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More People are Attending Public Areas Despite a Spike in COVID-19 Cases

Last updated on August 25, 2021

Downtown Santa Monica, California, August 2020. More people are visiting the pier and beaches amid a spike of COVID-19 cases within various communities. (Photo Credit: Ethan Kim/ The Outspoken Oppa)

Remember, let’s be polite; let’s be respectful, but most of all, let’s be outspoken.

LOS ANGELES COUNTY- Ever since the initial outbreak of the COVID-19 pandemic in the US, health experts and doctors have advised politicians on how to proceed. Throughout the lockdown and quarantine, face coverings, social distancing, and stay-at-home orders were endorsed by various prominent figures. However, in the past few months, there has been an apparent spike in COVID-19 cases, especially in the greater Los Angeles County.

With a population of 10,079,000 people, LA County has seen various spikes in COVID-19 cases and deaths. On August 13, 2020, Los Angeles County was reported to have at least 216,000 COVID-19 cases and 5,100 overall deaths. According to the LA Times, The hospitalization rates have remained steady, but the local government may bring back additional closures.

To add on, the LA Times reports, “LA county has averaged 2,159 new cases and 43.3 new deaths per day. The number of confirmed infections is currently doubling every 74.5 days.”

A study by the Times shows an evident peak that began before and after California Governor Gavin Newsom eased COVID-19 lockdown restrictions. The graph also depicts an exponential increase in cases within the past few months.

A study created by the LA Times to observe the trend of COVID-19 cases in the Los Angeles County

Another LA Times article reports, “Officials have cautioned that the number of cases could be artificially low due to glitches in the California Reportable Disease Information Exchange electronic database that could have resulted in hundreds of thousands of lab reports not being uploaded to the database.” 

Therefore, it could be reasonably assumed that a rise in cases may lead to more caution and greater attention to hygiene. However, local residents may differ.

People gather in Venice in August 2020 (Ethan Kim/ The Oustpoken Oppa)

A few reporters from the Outspoken Oppa went down to LA County and interviewed bystanders, business owners, street vendors, joggers, and cyclists.

Reactions to questions of the lockdown were mixed. People believed that they were safe during the pandemic as long as they followed social distancing guidelines and wore a mask. While others distrusted mask-wearing and the government.

Ricardo de Soto, a middle-aged Hispanic local business owner, answered a question about the social distancing guidelines, “I believe anyone that comes into my shop must wear a mask and stay six feet apart, there are absolutely no exceptions. We are living in a dire pandemic that is killing thousands and infecting millions, which means we must all do our part.”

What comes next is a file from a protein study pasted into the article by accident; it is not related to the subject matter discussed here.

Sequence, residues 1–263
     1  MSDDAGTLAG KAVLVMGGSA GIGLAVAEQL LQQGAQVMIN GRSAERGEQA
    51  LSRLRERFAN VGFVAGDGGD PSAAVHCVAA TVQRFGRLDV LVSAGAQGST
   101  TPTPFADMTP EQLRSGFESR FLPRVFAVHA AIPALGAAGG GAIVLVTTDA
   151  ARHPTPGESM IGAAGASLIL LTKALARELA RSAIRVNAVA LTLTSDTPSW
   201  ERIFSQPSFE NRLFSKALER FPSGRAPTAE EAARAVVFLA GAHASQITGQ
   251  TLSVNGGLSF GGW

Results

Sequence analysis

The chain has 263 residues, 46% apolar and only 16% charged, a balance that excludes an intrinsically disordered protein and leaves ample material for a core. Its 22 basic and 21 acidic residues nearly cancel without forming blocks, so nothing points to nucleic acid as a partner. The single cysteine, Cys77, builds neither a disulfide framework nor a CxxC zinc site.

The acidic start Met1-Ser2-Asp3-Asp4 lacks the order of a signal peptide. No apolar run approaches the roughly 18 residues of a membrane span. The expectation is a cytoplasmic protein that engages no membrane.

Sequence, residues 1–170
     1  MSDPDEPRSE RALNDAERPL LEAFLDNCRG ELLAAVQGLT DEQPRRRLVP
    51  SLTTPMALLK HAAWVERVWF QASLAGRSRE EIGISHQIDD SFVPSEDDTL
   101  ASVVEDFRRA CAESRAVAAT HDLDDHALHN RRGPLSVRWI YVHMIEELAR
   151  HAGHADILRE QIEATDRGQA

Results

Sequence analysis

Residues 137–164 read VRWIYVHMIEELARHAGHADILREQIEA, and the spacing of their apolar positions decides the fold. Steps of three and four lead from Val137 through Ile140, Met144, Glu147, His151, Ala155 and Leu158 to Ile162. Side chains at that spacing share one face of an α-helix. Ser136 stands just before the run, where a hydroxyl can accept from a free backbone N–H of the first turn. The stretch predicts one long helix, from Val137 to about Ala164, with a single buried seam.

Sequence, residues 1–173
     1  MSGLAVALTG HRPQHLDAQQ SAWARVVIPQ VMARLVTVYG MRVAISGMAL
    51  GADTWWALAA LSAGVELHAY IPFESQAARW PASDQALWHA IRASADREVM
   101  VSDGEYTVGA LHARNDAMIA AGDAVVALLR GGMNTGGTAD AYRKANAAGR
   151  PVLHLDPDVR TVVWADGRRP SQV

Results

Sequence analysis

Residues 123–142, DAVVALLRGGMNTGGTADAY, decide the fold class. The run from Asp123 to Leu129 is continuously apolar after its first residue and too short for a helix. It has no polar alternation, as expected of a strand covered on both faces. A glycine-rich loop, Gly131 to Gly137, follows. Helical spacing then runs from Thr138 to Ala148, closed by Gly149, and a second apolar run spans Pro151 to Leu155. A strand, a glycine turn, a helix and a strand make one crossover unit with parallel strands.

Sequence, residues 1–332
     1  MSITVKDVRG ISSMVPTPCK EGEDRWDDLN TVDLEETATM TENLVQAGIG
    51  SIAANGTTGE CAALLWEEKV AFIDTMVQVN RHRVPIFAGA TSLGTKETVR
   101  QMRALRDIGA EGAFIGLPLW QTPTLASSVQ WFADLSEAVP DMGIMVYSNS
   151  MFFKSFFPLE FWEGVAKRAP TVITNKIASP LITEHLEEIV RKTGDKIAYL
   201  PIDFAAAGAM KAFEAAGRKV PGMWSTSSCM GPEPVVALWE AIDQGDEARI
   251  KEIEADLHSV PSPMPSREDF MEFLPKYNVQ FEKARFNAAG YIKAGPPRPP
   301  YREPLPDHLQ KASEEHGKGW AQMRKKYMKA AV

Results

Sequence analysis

When asked why he does not close his business to prevent potential infections altogether, he said, “I have a family to feed and a business to maintain. I sincerely think that we can have certain parts of society open if everyone practices personal responsibility.”

However, others did not see the necessity in wearing a mask.

Helen Smith, a twenty-five-year-old Caucasian yoga teacher, answered a question about the usefulness of masks, “I do not believe masks are effective in flattening the curve. I still stay six feet apart from other people, but I have serious reservations about putting a piece of cloth over my face.”

Ms. Smith declined to answer a question asking why she thinks the President and Speaker of the House endorsed mask-wearing.

Another group of people said they were angry with the government’s response because they believed it to be an overreaction.

Adam Williams, a middle-aged African-American jogger, answered a question about the government’s response, “The government seriously overreacted to the virus. There are 330 million of us, and only 160 thousand have died from it. Doctors have contradicted each other, and politicians argue all the time. There is no one I can trust.”

Of the hundred people interviewed, seventy-five percent seemed to endorse mask-wearing but did not think staying at home was necessary, twenty percent did not think wearing a mask was necessary, and five percent believed the COVID-19 response continues to be an overreaction.

“Wear a mask,” said forty-year-old Korean business owner Morgan Lee, “It’s not that hard or a restriction of your liberty. We know very little about this pandemic, but if there is one thing we do know is that defeating this pandemic starts with a collective concern for public health.”

Remember, let’s be polite; let’s be respectful, but most of all, let’s be outspoken.

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